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How to choose a console table

Posted on by Beyond Bespoke

Before working in interiors I had actually never heard of a console table and, contrary to my initial thoughts, it’s not actually a table that can offer some kind of emotional counselling. Console tables are high, slim tables that are designed to go against a wall, supported by bracket-like legs (or consoles). Not only are they great because you can put them anywhere but they can serve both a decorative and functional purpose while never taking up too much valuable space.

Console tables

Our first console is simple but extremely stylish; the Garcon Console Table (above) is a two-tiered brass table on a recessed brown vellum base. Two eglomise shelves serve as practical storage space but this table is just as striking as it is. Brass and glass work well with an endless range of colours and materials and so this table would lend a contemporary twist to a huge array of houses. With the simplicity of its design, the Garcon would make a wonderful hall table; top it with a pair of lamps, or flowers and photo frames and keep the bottom shelf for decorative urns or book.

Console tables

Where the Garςon is simple and striking, our second choice is soft and feminine. The Ludwig Console (above)  is a semi-circular ‘distressed’ console with a top made from weathered oak and Gesso and fluted legs that are hand-carved, lending this table a look that is reminiscent of antique French painted furniture. The lower part of the table is finished in a soft grey and would be a beautiful addition to a drawing room or bedroom; the exposed wood grain (unvarnished and unsealed) is what gives the reclaimed wood frame its rustic look and so this is not a table to paint or treat. Use this table with neutral colours and soft furnishings; the unusual shape makes it an attractive piece so it doesn’t need to be topped with endless accoutrements. Place it on an upstairs landing or in a spare bedroom, perhaps in between twin beds with a blue patterned lamp base and simple cream shade.

Console tables

As with a lot of furniture, there are the simple designs and then there’s something a little more ornate. Above is a wonderfully decorate wrought-iron console which, at almost 200cm long and 100cm high, is neither small nor discreet. The table pictured is finished with a gold-leaf highlight over bronze but other finishes are available, meaning that you can tweak the look of this majestic table to suit your home. The top, in this instance made of marble can also be changed so that you can have a totally one-off piece. The general frame is a classic console but the twig design makes it modern without being whacky; this is a definite hall table or space-filler and needs nothing on it as the intricacy and elegance of the design speaks volumes.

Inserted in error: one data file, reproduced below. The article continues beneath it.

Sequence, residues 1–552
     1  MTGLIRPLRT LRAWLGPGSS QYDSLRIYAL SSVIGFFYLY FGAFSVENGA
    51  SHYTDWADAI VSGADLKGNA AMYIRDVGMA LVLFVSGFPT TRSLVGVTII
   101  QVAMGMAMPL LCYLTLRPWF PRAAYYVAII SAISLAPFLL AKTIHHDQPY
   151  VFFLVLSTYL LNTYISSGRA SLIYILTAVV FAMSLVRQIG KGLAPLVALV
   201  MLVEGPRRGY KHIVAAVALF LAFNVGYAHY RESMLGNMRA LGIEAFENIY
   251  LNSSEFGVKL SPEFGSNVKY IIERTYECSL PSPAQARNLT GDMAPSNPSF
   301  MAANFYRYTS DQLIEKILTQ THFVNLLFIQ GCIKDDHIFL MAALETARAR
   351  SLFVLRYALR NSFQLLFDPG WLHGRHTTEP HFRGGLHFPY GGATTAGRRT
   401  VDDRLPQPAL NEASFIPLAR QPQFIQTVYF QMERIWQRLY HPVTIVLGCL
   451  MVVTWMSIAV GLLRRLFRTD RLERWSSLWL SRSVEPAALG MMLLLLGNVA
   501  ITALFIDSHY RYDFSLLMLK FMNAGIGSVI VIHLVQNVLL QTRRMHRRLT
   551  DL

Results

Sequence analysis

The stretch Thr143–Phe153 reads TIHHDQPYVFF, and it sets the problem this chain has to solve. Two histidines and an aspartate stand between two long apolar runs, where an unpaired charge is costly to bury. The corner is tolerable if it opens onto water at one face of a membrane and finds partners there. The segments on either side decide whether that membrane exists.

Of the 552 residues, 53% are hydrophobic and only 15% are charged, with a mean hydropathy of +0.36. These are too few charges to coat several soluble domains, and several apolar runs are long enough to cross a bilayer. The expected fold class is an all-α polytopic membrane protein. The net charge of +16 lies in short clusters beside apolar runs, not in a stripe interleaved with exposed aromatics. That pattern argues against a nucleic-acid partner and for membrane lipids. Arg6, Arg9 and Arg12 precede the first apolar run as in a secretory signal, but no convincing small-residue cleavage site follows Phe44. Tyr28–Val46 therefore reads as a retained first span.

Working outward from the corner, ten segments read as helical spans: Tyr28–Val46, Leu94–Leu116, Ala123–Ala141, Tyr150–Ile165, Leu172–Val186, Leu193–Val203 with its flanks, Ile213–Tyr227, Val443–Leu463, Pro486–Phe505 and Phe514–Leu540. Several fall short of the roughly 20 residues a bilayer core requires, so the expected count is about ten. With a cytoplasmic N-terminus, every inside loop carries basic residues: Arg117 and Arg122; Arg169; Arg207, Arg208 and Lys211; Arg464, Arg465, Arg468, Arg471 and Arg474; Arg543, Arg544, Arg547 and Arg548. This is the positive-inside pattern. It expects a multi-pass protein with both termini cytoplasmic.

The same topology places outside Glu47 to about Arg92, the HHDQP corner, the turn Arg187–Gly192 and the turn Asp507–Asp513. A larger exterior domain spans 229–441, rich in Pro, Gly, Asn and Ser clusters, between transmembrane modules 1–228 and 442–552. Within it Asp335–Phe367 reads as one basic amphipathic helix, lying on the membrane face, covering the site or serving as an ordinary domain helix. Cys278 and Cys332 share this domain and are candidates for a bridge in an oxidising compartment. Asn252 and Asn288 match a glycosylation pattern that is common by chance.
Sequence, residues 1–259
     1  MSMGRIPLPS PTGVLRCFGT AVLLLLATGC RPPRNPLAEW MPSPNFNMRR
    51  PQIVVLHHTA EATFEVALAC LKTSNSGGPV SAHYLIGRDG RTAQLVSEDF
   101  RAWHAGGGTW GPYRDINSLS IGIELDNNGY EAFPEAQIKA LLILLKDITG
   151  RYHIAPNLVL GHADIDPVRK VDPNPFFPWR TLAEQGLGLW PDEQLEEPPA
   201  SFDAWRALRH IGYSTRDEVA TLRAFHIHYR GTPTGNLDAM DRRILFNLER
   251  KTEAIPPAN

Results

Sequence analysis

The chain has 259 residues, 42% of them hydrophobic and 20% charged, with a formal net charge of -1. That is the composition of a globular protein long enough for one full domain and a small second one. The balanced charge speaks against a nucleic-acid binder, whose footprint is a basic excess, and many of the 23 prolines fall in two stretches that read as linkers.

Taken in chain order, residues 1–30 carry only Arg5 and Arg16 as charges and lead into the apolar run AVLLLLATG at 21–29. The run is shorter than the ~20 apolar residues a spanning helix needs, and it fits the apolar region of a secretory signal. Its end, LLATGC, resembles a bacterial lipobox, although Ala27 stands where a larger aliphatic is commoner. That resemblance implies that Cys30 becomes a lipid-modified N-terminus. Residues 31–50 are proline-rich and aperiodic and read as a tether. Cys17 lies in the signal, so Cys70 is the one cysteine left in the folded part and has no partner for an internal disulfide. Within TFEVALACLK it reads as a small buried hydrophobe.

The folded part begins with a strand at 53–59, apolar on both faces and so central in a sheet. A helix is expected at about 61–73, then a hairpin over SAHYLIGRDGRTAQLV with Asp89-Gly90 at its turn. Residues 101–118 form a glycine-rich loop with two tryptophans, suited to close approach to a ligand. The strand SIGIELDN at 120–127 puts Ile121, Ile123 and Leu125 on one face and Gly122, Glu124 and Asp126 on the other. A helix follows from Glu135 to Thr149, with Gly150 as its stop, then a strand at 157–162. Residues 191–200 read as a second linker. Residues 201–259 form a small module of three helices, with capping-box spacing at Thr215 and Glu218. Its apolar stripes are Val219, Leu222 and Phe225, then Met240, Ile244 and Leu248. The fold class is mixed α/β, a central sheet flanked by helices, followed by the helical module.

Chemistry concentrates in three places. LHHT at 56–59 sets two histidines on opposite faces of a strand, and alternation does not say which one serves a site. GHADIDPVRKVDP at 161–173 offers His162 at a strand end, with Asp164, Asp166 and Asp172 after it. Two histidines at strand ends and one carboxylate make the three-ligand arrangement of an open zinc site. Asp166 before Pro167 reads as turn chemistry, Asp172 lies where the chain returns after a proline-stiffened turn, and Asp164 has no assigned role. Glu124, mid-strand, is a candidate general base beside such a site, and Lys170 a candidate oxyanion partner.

Talking of DIY consoles, several manufacturers offer the option to design your own piece, with frames, finishes and tops that can all be mixed and matched… sort of like a Build-a-Bear for grown-ups. One such manufacturer offers this with their stylish Stag Console Table (above), hand-forged by a blacksmith to create an elegant table with cabriole legs. The style is perfect for a dining room or kitchen and the deer legs add a fun design twist. In order to have something totally personal, there is a choice of frames (below) including yellow gold, black and polished steel with a range of drop-in tops such as cobalt or crimson leather, oak, beech and mahogany so you can really play at being designer and let your creativity run wild.

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Console tables are great for rooms that need a little extra something; big hallways that would benefit from an eye-catching piece or an empty drawing room wall that needs a bit of cheering up. Make sure the table you’re going for has the right proportions for the space and that stylistically it’s going to work with its surroundings. Decide on the kind of aesthetic you want to go for before you start looking – a long and narrow console is good as a decorative item whereas two shelf consoles are good for storage and/or display. Don’t feel that you can’t actually use it – the whole point of a console is that is serves whichever purpose it needs to. Whatever you choose, one of these chic narrow tables can add real character to your interior design and once you get started, it’s easy to find excuses to put one in every room.

For enquiries about anything featured above, please contact letty@janechurchillinteriors.co.uk at Jane Churchill Interiors; 020 7730 8564

 

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